When this ICR is approved by OMB, the Agency will publish a Federal Register notice announcing this approval and displaying the OMB control number for the approved information collection requirements contained in this final rule. If necessary, we will also publish a technical amendment to 40 CFR part 9 in the Federal Register to consolidate the display of the OMB control number with other approved information collection requirements.

C. Regulatory Flexibility Act

The Regulatory Flexibility Act generally requires an agency to prepare a regulatory flexibility analysis of any rule subject to notice and comment rulemaking requirements under the Administrative Procedure Act or any other statute unless the agency certifies that the rule would not have a significant economic impact on a substantial number of small entities. Small entities include small businesses, small not-for-profit enterprises, and small governmental jurisdictions.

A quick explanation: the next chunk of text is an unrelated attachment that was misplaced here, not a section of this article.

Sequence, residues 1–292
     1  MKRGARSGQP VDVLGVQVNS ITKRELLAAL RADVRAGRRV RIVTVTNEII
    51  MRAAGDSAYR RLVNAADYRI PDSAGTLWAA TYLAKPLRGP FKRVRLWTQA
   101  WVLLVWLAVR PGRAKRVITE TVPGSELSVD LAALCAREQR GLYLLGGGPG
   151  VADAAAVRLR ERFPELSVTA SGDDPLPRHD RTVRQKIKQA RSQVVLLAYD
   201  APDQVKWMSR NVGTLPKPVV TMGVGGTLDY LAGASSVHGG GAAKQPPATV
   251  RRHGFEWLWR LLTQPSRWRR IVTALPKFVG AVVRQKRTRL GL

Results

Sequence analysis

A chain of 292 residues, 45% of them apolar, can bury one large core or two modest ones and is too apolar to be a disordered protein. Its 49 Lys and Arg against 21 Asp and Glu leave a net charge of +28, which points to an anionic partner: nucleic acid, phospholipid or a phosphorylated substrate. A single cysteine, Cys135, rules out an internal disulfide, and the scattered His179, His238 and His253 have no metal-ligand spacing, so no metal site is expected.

For the purposes of assessing the impacts of this final rule on small entities, small entity is defined as: (1) A small business that meets the Small Business Administration size standards for small businesses found at 13 CFR 121.201 (less than 750 employees for NAICS 331112 and 331419 and less than 1,000 employees for NAICS 325188); (2) a small governmental jurisdiction that is a government of a city, county, town, school district, or special district with a population of less than 50,000; and (3) a small organization that is any not-for-profit enterprise which is independently owned and operated and is not dominant in its field.